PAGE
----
C) maximizes topical education since reject debater ends the debate on theory and encourages 1ar to collapse to RVI. Rejecting arg ensures we can continue discussing the topic. Biggest impact to education since the topic is the only thing that changes from tournament to tournament. Also key to fairness because the topic is what we are both most ready and most expected to debate. Deciding the debate on non-substantive issues advantages the debater who has less prep on the topic and is technically stronger.

2 ( ) The neg must only advocate the converse. This requires reading either the minimum wage or some unconditional counterplan, 2 warrants: A) this burden structure is most reciprocal since we both have parallel burdens. Neither debater gets access to skepticism or permissibility, which is excellent because these strategies negate the value of the aff case value criterion down and force a restart in the 1AR, arbitrarily nullifying significant portions of my 6 minute speech. B) defending the converse forces topical debate rather than focusing on issues that have no relevance to living wage. Topical debate is key to fairness by ensuring ability to apply research and prep effectively and key to education by creating more meaningful clash.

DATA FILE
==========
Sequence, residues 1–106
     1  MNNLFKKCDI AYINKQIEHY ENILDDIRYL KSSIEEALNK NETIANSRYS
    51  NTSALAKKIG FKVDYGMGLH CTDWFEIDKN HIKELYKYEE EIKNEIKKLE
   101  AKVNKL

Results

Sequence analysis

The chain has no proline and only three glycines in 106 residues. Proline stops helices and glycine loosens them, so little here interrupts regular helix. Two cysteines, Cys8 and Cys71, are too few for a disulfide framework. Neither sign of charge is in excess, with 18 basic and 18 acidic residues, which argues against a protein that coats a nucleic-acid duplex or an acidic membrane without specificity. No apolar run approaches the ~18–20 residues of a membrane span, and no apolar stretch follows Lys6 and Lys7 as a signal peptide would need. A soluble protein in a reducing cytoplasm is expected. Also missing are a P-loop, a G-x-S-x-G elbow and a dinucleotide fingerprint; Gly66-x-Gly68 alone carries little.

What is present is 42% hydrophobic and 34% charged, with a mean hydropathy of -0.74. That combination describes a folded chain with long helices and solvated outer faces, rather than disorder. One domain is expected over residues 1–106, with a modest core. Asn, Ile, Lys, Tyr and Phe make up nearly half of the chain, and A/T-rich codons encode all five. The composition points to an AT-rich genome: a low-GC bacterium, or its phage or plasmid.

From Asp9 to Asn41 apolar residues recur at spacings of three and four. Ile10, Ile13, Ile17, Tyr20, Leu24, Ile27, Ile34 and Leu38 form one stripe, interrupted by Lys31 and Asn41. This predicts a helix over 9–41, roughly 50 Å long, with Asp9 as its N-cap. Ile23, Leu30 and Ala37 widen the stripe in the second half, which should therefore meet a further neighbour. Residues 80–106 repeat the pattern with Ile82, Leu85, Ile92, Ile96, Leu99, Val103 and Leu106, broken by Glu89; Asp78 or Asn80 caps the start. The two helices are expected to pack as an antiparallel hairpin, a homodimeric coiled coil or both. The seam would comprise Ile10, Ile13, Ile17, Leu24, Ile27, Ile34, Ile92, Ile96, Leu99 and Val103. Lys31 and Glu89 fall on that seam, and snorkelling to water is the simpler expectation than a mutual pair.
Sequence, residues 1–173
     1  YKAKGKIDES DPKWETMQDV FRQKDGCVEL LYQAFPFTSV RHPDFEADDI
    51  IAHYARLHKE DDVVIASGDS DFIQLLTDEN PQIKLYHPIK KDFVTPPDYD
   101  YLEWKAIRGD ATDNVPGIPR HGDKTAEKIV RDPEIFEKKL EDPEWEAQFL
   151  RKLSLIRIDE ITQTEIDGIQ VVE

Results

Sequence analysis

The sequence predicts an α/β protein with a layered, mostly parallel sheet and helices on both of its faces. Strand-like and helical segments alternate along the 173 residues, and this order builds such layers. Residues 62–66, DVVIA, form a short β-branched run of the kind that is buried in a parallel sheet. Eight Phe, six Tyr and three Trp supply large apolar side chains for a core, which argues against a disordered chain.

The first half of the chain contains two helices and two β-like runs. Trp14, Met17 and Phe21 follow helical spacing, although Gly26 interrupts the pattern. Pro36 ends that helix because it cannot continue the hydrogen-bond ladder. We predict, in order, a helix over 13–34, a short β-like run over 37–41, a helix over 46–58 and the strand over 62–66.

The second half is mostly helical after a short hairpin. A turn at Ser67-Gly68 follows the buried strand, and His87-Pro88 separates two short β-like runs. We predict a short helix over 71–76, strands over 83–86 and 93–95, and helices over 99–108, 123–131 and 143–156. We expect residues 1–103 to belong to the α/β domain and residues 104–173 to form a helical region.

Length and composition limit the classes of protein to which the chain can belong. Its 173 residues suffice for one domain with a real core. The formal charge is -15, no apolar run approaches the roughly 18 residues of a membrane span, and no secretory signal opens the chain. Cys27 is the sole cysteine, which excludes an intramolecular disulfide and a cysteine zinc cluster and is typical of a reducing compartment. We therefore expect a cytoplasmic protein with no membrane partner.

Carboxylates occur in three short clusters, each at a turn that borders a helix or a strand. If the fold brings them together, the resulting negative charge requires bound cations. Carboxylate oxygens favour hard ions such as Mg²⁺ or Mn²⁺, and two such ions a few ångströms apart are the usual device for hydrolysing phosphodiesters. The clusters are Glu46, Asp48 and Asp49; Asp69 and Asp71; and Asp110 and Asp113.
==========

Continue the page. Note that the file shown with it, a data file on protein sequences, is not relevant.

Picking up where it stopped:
2. Don’t vote on norm setting or potential abuse

A) Empirically denied as people read contradictory theory arguments all the time. Many people read RVI or no RVI depending on which side of the theory debate they're on. So double bind- either a) norms don't exist and are just a disingenuous tool used by debaters, or b) norms can exist but are too weak to be followed

B) No solvency - nobody is likely to care about one individual round, or even hear about it in the first place. There are thousands of rounds on any given topic, so at best the impact is mooted.

C) Every argument is potentially abusive in its extremes. And because it’s always to neg’s advantage to claim abuse, if the punishment for actual and potential abuse are the same, the purpose of theory to act as a check is destroyed